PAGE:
Most of the agenda is pretty obvious. And campaigns are supposed to do the obvious. But there's one economic issue that Obama ought to consider raising with these economic leaders and with the voters: transparency. So much of the economy now takes place in dark corners, where traders and speculators develop, buy and sell financial instruments that are unregulated and, perhaps worse, barely understood, except by the small number of players who trade them. This is partly what brought on the subprime meltdown. (See my description of swaps here.) Even former Treasury Secretary Robert Rubin did not understand the financial products that led to the housing credit crisis.

So here's a populist issue for Obama: the U.S. economy is too important to be placed in the hands of wheeler-dealers who in the shadows engage in transactions that have the potential to send waves of harm throughout the highly-interconnected financial world. Americans are entitled to feel insecure when they see that the economy can be so severely affected by a few big firms that go off the reservation, thanks to the imaginative machinations of a small number of traders. More transparency, more regulation--whatever the policy prescriptions are (and they will be technical and hard for most of us to understand), Obama could by addressing this issue gain a political advantage over John McCain, who tends to celebrate the workings of the markets.

These days there is very good reason for commoners to be suspicious of the markets. If Obama can speak to that, it could make for good policy and good politics.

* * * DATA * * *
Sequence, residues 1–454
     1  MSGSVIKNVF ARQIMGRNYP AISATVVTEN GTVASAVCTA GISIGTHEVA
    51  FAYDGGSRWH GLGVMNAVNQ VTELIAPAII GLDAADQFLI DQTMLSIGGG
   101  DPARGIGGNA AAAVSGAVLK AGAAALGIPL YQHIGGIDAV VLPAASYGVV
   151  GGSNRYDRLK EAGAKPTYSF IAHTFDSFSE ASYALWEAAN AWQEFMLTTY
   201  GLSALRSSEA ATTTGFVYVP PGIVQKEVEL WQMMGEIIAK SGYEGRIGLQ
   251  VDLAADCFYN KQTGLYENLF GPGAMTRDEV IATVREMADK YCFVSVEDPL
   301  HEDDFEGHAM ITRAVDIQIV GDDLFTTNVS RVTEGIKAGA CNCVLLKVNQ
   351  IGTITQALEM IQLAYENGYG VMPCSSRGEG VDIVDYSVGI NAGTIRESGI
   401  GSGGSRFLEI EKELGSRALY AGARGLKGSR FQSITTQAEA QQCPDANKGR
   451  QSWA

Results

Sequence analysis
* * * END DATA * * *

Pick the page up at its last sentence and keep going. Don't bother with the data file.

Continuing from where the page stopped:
Some Surprising New Findings on GIs, PTSD, and Crime

| Fri Jul. 25, 2008 3:43 PM PDT

A while back, I waxed all sympathetic about GIs getting what I assumed was all too needed special consideration for post-discharge, surely PTSD-based offenses. Now comes a Sacramento Bee year-long study of GI's, 'shell shock', and crime. As usual, it's far from a simple situation.

Read their findings here, here, here, and here.

Turns out that some of these supposedly-traumatized-by-war defendants had a 'war or jail' option, with serious charges hanging over their heads, and appear to have taken their criminal dispositions to war with them. Some of these folks had colorful rap sheets long before they ever donned combat boots. Of course, as Kathy Griffin would say: allegedly.

Surely, the programs I praised earlier are taking such factors into consideration in deciding how to deal with these vet offenders, but damn this makes things murky.

Kudos to prison shrink and columnist John Schwade for the hat tip.

Interview: "Garfield Minus Garfield" Creator Dan Walsh

| Fri Jul. 25, 2008 2:50 PM PDT

mojo-photo-gmgstrip.jpgAs we entered the second half of 2008, I thought I'd take a look at Riff page view statistics for the year, just to see what online Mother Jones readers have been clicking on around this fun little blog. And what, dear Riffers, do you think was the number one post of the first six months of 2008? A post mocking George W.'s misinterpretation of a painting? A cynical look at coverage of the Iowa primaries? Abstinence pants? No, no and no. Our most-viewed post was my meditation on the subtext of late-capitalist anxiety in the comic "remix" Garfield Minus Garfield. Riff readers are stoned!

It turns out I was onto something: in the months since the piece's appearance on the Riff, "G-G" has been covered in The New York Times, Time Magazine, and The Washington Post; the latter tracked down original Garfield creator Jim Davis, who called the work "an inspired thing to do." So, who's behind this now-phenomenally-popular bit of inspired photoshoppery? Meet 32-year-old Irishman Dan Walsh, who turns out to be a really nice guy. He answered a few questions via e-mail about the strip.